After Monday’s 113-95 win at Dallas, 76ers coach Doc Rivers was asked about the recent effectiveness of his second unit.
Rivers responded that it all had to do with the starters, or more accurately, their availability. This season the Sixers are 19-4 when their starting lineup consists of Joel Embiid, Ben Simmons, Seth Curry, Tobias Harris, and Danny Green. Win No. 19 together occurred Monday.
“As much as it helps our starters, when we are at full strength it helps our bench because our bench is back together,” Rivers said after Monday’s win. “The starting lineup can survive, but it is the bench that struggles. When everybody is healthy, the bench is strong and I would say that has as much to do with [the recent success].”
The Sixers (37-17) are coming off a 3-1 road trip, and with 18 games left in the regular season, Rivers will be fine-tuning his rotation.
Shake Milton remains the key, because he is expected to provide scoring every night. For the most part, he has delivered. He is averaging 13.7 points.
Milton has come off the bench in all but two games. (As a starter he has averaged 26 points).
One area that is down is three-point shooting, This season Milton is shooting 32.2% compared to 43% last year, but he has been a dependable scorer.
Furkan Korkmaz is playing some of his best basketball of the season. He has started six games, when his average is 14.0 points per game. In 37 games as a reserve he’s averaging 8.5.
He has scored in double figures in a season-high four straight games for the second time this year. One of those games came as a starter, but in his last three off the bench he is averaging 14 points and has shot 9-for-19 from three-point range (47.3%).
Matisse Thybulle has proved to be one of the top defenders not only on the team but in the NBA. He leads the NBA with 3.7 steals per 100 possessions.
What would allow him more court time is improving his offense. He has started six games and has averaged 6.5 points. Thybulle is averaging 3.4 points in 45 games as a reserve. For the season he is shooting 30.9% from three-point range.
Dwight Howard has been a solid backup to Joel Embiid. While he is prone to committing unnecessary fouls (8.4 per 100 possessions), he has been a rebounding machine .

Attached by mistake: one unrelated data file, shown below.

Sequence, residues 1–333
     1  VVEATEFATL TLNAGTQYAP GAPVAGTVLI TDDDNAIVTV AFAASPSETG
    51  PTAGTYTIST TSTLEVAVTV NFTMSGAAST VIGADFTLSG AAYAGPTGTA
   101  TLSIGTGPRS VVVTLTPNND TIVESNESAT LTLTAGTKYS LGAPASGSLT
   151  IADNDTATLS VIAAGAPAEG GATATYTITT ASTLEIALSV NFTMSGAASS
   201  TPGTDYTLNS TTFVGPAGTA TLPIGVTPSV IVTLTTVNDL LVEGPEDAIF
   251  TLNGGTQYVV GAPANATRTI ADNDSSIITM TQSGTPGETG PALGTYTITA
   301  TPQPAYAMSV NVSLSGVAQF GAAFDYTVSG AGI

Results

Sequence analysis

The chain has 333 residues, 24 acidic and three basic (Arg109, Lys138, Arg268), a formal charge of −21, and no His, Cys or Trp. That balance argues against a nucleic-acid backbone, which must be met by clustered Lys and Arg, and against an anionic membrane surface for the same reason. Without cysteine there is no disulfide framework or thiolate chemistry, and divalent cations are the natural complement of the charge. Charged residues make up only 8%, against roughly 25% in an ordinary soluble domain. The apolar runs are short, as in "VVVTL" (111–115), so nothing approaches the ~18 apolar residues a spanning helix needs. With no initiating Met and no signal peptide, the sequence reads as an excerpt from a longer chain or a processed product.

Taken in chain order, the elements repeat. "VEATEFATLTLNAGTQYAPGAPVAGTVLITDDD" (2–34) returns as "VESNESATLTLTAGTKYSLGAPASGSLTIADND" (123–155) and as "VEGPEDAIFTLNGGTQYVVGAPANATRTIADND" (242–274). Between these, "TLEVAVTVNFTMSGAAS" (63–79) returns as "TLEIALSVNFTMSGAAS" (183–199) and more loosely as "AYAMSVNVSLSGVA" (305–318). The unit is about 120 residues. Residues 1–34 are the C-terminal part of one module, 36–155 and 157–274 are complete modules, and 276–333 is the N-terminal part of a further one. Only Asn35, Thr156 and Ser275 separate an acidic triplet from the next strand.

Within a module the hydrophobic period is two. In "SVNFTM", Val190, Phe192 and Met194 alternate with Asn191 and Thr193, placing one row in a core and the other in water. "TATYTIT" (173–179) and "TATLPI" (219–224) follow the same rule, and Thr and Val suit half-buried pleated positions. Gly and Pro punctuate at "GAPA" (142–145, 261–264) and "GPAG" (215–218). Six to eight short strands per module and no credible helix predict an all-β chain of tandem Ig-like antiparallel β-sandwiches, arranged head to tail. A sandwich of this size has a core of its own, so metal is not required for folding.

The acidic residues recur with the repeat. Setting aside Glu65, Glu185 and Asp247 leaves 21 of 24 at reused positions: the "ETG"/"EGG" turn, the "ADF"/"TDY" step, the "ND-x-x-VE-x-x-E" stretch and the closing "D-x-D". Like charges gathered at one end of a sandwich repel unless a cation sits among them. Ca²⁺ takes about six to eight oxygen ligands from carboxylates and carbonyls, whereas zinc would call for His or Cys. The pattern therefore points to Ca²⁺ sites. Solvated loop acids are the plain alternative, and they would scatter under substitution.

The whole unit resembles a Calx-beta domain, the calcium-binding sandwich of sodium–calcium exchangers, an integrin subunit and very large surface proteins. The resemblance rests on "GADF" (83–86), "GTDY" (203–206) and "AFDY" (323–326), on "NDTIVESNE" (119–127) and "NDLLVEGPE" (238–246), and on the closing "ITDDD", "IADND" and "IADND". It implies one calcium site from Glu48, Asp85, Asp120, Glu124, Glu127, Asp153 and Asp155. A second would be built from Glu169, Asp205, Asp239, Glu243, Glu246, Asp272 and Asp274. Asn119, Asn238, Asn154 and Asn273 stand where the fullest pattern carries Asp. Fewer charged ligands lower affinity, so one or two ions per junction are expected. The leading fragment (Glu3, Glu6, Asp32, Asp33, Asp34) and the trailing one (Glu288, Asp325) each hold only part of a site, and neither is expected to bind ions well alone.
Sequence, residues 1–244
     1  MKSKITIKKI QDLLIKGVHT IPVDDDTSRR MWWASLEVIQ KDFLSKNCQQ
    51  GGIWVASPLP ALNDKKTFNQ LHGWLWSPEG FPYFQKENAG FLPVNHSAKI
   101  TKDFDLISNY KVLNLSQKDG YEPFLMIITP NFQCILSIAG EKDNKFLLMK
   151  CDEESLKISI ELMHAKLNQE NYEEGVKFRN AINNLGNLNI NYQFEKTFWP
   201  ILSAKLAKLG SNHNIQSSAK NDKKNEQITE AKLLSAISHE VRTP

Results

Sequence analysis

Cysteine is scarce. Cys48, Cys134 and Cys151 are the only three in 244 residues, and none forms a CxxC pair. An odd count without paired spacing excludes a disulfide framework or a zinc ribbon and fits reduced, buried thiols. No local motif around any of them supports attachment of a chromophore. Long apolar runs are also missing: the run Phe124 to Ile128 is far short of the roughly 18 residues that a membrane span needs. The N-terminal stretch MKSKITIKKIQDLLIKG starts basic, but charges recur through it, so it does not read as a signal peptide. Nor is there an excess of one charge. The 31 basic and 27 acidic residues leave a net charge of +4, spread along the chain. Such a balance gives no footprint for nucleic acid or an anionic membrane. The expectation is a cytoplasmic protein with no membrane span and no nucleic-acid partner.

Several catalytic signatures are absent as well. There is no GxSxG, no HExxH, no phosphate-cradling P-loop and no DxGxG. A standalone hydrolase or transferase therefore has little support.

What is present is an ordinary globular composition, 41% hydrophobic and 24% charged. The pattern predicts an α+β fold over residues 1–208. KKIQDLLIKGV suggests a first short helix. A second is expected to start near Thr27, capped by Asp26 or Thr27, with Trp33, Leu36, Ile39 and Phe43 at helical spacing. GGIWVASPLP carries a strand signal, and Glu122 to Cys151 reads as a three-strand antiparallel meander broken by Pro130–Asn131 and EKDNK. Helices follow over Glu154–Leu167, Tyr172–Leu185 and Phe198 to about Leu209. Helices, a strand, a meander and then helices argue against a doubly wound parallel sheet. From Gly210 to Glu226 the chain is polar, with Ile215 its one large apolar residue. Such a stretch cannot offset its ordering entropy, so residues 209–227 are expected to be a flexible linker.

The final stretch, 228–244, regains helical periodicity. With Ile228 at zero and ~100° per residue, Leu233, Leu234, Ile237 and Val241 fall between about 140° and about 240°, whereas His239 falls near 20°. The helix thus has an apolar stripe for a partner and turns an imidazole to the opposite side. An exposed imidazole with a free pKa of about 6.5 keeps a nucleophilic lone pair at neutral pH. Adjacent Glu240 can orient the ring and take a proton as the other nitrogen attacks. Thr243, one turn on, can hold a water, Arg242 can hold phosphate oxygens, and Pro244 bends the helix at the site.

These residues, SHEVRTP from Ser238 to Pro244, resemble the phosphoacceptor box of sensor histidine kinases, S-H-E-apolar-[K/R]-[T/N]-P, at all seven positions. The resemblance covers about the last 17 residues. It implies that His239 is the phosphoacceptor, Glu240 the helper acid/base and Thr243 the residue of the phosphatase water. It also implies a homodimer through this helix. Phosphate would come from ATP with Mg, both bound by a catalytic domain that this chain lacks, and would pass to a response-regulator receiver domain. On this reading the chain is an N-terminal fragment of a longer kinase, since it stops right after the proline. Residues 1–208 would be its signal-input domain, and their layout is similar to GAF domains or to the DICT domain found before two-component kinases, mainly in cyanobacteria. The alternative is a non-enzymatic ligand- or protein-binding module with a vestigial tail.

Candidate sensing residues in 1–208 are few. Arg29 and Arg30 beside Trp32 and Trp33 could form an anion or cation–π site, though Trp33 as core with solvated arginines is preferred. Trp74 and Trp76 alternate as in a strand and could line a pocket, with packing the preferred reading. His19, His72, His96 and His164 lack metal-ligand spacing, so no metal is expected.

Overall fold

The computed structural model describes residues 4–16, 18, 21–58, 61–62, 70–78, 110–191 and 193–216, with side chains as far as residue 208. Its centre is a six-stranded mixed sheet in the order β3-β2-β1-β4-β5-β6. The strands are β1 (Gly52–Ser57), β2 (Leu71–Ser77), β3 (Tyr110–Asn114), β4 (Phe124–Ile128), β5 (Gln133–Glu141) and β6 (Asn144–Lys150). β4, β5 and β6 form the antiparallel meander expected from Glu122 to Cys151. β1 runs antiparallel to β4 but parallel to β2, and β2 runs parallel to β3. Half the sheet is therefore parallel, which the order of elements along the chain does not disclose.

Howard is averaging 22.7 rebounds per 100 possessions, including 7.2 on the offensive glass. Even Embiid, in the midst of an MVP-type season, is averaging 16.4 rebounds per 100 possessions, including 3.1 on the offensive glass.
Mike Scott, for the most part, hasn’t been a difference maker, averaging 6.9 points in eight games as a starter and 3.5 points in 27 games as a reserve.
First round pick Tyrese Maxey has not been a big part after seeing significant time earlier this year.
This doesn’t even include veteran George Hill, acquired at the trade deadline on March 25 from Oklahoma City. He has not played since suffering a thumb injury on Jan. 24 that required surgery on Feb. 2.
Hill says he expects to be back and Rivers will likely plug him into a significant rotation role.
While the Sixers starters could be resting down the stretch, having a number of games with them together will be a big advantage to them and the reserves.
Contrast that with the Brooklyn Nets, who visit the Wells Fargo Center on Wednesday in a battle of the top Eastern Conference teams.
Since acquiring James Harden on Jan. 13 from Houston in a four-team trade, the Nets have played only six games with Harden and fellow All-Stars Kevin Durant and Kyrie Irving together in the starting lineup. The Nets are 5-1 in those games.
Harden remains out with a right hamstring strain, so it will be a real question whether the Nets starters can develop the needed continuity before the postseason.